19th Annual Potomac Swim Set for Saturday Morning - Southern Maryland Headline News

19th Annual Potomac Swim Set for Saturday Morning

Entrants will swim 7.5 miles from Virginia to Point Lookout Across Potomac River

CALIFORNIA, Md. (June 3, 2011) — Environmental groups are set to gather at Point Lookout State Park Saturday morning to cheer on the people who will swim 7.5 miles across the Potomac River to raise consciousness and money for river restoration projects. The annual Potomac River Swim for the Environment, now in its 19th year, is growing in popularity as a distance swim event.

The event, which takes swimmers from Hull Neck, Virginia, across the river to Point Lookout State Park in Maryland, provides a challenging distance swim for the participants while raising environmental awareness about the river as well as funds for Potomac environmental groups. Last year, swimmers collected pledges of more than $12,000 to help Potomac River groups, including the Potomac River Association, Southern Maryland Sierra Club, Chesapeake Bay Foundation, the Interstate Commission on the Potomac River Basin (with smaller amounts to the Potomac Conservancy, West Virginia Rivers Coalition, Eastern Shore Land Conservancy, Ridge Rescue, St. Mary's River Watershed Assoc. and Friends of the Shenandoah River).

Each swimmer is accompanied on the crossing by a volunteer kayaker from the Chesapeake Paddlers Association or the Association of North American Kayakers. Members of the Chesapeake Bay Boston Whalers Club volunteer their boats and time as lead, escort, and tail boats for the race, along with public safety vessels and staff provided by the U.S. Coast Guard, Maryland Natural Resources Police, Ridge Volunteer Fire Co., and the Ridge Rescue Squad.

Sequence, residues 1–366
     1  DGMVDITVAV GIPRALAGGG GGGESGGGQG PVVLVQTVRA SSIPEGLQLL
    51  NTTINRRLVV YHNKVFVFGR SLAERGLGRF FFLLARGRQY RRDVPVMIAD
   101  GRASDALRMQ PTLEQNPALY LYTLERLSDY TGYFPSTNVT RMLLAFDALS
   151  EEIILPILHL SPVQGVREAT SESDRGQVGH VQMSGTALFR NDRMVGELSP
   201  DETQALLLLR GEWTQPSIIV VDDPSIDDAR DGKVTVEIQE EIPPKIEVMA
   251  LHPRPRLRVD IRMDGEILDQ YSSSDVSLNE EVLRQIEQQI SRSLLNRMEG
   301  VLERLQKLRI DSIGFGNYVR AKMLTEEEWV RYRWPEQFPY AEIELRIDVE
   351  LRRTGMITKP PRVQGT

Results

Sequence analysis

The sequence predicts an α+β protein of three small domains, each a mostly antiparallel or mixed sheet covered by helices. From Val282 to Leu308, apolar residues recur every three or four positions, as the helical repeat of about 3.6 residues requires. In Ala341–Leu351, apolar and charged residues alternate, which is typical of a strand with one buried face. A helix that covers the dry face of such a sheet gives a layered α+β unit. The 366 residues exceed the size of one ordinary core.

The swimmers will leave the Virginia shore, and with favorable conditions, could begin arriving at the bathing beach at Point Lookout State Park in about 3 hours or less.

Forty-five swimmers have registered and will be traveling from Maryland, Virginia, D.C., Pennsylvania, New Jersey, Delaware, and as far away as Ohio, Texas, Georgia, Louisiana, North Carolina, and Connecticut.  Registration to new swimmers is now closed.

The swim event originated when distance swimmer Joe Stewart, who uses distance swimming as a way to raise cash and visibility for charitable causes, embarked on a solo "Swim for the River's Sake," in 1993. The race began the following year.

In 2001, Stewart announced that he was taking a break from race organizing, and handed the reins over to distance swimmer Cheryl Wagner. Stewart will be back as one of the swimmers.

To learn more about the event, visit http://www.potomacriverswim.com.

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